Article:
“Our goal was to increase nutrition in a way that the product would appeal to any family member,” Collins says.
In the mini-bagel segment, kids are king. That’s why Lender’s Bagels recently rolled out its Little Lender’s bagels, says Ray O’Brien, vice president for Lender’s Bagels.
O’Brien says bagels for kids, bagels as snacks and healthy bagel platforms are driving category sales.
“New Little Lender’s are the perfect snack,” he says. “At just 70 calories, the plain style is great with a little peanut butter and jelly spread on, and the cinnamon flavor is great right out of the bag.”
According to Latouf, the top sellers in the segment are plain bagels followed by cinnamon sugar, blueberry and a mixture of whole grains and multigrain varieties.
“Kids like a sweeter bagel as more of a treat,” he says.
The miniaturization of the bagel, he adds, is part of the broader trend in the bread aisle toward smaller 100-calorie options such as English muffins and even toward the mini and flat buns that offer both portion-calorie control.
The 100-calorie products especially target Baby Boomers and those consumers who are making heart-healthy decisions or are looking for ways to treat the growing problem of diabetes caused by weight gain and other habits, says Robert Pim, vice president of sales and marketing for Fleischer’s Bagels, Inc., Macedon, N.Y.
“It is no secret that obesity is a major problem in America today, and people are starting to pay more attention to what they put in their mouths,” he says. “And because of that, larger portions are not in demand. Healthy, lower calorie options are the trend. Also, we can’t ignore the low-carb craze. Although the craze is not as it once was, people are focused more on making smarter choices about their good-versus-bad carb intake.”
In January, Sara Lee is targeting moms and those consumers trying to manage their weight with 130 Calories & Delightful bagels, Collins notes.
“Bagels can still often have a negative reputation for being high in calories and low in nutrients, causing consumers to shy away,” she explains. “By creating products such as the 100-calorie Mini Bagels, which have 2-3 g. of fiber per bagel, and the 130 Calories & Delightful bagels, we are providing options to these consumers who still crave bagels, but want to consume them in moderation. Providing consumers with options that fit their diet or nutritional needs is key to regaining consumer interest and driving sales in the bagel category."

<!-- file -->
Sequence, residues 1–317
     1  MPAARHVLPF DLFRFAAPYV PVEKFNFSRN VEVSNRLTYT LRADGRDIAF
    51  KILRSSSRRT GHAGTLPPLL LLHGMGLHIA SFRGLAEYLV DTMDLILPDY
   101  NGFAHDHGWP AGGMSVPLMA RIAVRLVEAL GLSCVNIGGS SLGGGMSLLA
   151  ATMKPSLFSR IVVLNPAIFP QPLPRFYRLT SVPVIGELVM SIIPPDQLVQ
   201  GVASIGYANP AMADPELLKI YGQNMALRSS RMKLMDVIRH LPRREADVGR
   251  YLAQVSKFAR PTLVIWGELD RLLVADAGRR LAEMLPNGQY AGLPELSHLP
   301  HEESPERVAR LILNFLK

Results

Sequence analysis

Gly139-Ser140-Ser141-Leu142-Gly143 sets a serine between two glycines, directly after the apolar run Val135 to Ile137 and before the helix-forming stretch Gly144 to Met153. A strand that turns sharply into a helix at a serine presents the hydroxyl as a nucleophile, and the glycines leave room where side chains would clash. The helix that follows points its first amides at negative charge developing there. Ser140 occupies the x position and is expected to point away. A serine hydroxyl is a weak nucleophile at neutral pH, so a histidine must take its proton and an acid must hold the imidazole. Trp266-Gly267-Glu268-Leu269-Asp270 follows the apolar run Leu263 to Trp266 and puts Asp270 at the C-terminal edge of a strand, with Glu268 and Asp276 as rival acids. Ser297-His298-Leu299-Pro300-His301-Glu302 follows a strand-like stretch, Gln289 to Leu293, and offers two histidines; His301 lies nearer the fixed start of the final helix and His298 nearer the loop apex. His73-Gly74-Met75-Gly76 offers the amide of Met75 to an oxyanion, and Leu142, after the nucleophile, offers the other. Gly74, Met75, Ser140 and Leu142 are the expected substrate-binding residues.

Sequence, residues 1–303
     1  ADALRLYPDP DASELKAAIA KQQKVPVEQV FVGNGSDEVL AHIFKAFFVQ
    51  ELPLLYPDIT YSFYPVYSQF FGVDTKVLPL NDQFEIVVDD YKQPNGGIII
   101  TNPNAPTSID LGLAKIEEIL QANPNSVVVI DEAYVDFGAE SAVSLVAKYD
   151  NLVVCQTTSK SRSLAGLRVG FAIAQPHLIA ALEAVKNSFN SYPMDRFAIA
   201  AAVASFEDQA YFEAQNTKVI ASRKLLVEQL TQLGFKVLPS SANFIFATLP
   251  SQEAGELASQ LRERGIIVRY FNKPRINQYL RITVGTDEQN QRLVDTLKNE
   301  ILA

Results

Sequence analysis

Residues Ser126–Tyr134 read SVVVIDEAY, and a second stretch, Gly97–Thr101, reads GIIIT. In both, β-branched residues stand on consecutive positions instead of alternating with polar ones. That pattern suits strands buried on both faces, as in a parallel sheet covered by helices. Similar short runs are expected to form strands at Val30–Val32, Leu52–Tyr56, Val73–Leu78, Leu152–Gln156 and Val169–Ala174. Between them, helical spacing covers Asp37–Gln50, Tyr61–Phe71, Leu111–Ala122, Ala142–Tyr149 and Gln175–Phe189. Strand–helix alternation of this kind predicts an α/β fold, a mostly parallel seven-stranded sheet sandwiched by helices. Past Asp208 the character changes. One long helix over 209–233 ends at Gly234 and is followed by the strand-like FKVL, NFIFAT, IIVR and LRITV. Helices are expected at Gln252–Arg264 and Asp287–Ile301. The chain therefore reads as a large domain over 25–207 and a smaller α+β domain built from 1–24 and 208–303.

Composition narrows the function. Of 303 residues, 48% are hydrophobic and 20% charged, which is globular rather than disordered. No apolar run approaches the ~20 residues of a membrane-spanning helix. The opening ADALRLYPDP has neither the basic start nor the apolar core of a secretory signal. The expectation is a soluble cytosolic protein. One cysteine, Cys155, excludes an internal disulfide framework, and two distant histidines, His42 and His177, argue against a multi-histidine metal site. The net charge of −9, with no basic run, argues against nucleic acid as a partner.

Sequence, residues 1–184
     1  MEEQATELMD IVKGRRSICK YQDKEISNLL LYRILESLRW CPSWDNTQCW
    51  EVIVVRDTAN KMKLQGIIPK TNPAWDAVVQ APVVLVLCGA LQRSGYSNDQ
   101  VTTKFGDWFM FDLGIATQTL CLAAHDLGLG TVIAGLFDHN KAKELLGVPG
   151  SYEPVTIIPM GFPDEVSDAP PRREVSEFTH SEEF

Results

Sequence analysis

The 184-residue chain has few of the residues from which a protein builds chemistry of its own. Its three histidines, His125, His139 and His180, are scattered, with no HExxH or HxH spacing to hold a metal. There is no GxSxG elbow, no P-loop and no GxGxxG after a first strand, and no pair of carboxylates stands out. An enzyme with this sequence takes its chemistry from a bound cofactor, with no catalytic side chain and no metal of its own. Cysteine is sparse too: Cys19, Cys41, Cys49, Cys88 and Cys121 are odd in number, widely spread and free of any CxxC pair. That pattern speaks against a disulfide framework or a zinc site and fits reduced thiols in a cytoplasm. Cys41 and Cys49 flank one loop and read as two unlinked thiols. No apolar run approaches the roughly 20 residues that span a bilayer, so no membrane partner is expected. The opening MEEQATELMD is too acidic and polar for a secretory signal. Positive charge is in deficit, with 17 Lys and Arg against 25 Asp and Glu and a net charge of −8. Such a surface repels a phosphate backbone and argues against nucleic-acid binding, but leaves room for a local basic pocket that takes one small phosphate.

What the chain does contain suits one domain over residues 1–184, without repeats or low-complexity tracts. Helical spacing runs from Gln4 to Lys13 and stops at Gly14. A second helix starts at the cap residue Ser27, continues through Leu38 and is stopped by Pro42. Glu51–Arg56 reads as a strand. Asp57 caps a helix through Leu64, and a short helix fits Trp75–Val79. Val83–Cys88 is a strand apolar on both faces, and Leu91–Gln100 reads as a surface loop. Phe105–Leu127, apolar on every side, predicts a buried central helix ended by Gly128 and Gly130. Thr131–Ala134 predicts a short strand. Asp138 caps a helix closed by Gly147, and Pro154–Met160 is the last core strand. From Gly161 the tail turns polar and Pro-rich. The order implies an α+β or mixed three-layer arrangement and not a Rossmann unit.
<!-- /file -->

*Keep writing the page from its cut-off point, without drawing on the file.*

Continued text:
Target Health Attributes
To respond to consumers’ demand for more nutritional options, Pim adds, Fleischer’s also offers 100-calorie minis as well as all-natural bagels, certified-organic ones, whole grain varieties and a host of nutritional fortification that deliver relevant health attributes. In addition to vitamins and minerals, the bagels offer fiber, fruits for antioxidants and plant sterols for supporting the immune system, as well as prebiotics and probiotics for the gastrointestinal health. On the flipside, it’s also removing high-fructose corn syrup and reducing sodium levels, the latter of which may become a critical issue when the 2010 Dietary Guidelines are worked out.
Although some bakers may dismiss the gluten-free craze as the “son of the low-carb fad,” the movement has gained traction with some consumers, especially those suffering from Celiac disease. In its response, Eagan, Minn.-based French Meadow Bakery in September came out with flourless bagels made with six, all-natural grains and legumes and essential amino acids. The vegan products, which come in Sprouted 16 Grain & Seed and Sprouted Cinnamon Raisin varieties, feature ingredients such as sprouted wheat berries and organic sprouted barley, millet, lentils, soybeans and spelt berries, to name a few.
Others like Lender’s are taking a more mainstream approach by adding whole grains and fruits such as a combination of apples and cranberries to create a seasonal variety for this fall, O’Brien says.
“There is more medical evidence than ever before that people who eat healthy live longer,” he says. “Bagel manufacturers need to follow these trends by showing consumers that they can still eat the foods they love, like bagels, and can do by eating smaller portions or opting for healthy alternatives.”